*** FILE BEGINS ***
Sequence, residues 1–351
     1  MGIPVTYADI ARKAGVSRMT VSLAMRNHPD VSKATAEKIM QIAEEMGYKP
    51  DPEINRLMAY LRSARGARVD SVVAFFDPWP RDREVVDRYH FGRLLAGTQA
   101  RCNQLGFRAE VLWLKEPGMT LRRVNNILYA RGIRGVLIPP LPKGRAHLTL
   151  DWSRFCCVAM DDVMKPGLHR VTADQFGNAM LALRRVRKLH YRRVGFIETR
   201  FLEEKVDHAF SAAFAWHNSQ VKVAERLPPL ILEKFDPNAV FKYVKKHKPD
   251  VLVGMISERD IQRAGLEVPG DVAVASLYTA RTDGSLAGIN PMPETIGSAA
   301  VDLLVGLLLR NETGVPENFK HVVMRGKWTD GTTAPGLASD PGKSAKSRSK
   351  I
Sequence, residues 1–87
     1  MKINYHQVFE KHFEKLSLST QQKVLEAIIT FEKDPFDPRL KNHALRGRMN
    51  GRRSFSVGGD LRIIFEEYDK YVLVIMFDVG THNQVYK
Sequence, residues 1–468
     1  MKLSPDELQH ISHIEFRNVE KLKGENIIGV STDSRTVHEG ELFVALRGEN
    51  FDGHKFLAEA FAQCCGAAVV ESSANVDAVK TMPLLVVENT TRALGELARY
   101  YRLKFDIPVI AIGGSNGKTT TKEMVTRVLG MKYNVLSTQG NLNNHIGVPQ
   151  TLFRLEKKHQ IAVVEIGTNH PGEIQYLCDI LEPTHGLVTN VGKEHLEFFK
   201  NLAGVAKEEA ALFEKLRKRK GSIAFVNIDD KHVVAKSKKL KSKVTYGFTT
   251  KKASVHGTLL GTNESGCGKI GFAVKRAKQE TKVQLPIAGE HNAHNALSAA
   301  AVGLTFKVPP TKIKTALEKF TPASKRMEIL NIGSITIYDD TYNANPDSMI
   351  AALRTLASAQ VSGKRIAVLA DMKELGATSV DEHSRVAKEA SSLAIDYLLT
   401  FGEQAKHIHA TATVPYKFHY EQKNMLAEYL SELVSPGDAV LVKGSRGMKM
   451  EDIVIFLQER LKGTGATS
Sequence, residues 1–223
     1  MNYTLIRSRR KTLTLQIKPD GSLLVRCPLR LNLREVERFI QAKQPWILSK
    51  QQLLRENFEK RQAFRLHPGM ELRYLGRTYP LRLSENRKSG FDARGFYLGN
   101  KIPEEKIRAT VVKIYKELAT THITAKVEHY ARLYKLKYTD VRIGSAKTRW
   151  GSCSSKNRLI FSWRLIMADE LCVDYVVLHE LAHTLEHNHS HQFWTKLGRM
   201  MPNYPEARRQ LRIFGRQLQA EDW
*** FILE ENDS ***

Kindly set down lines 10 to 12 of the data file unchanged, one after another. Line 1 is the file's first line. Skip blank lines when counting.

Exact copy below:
Sequence, residues 1–87
     1  MKINYHQVFE KHFEKLSLST QQKVLEAIIT FEKDPFDPRL KNHALRGRMN
    51  GRRSFSVGGD LRIIFEEYDK YVLVIMFDVG THNQVYK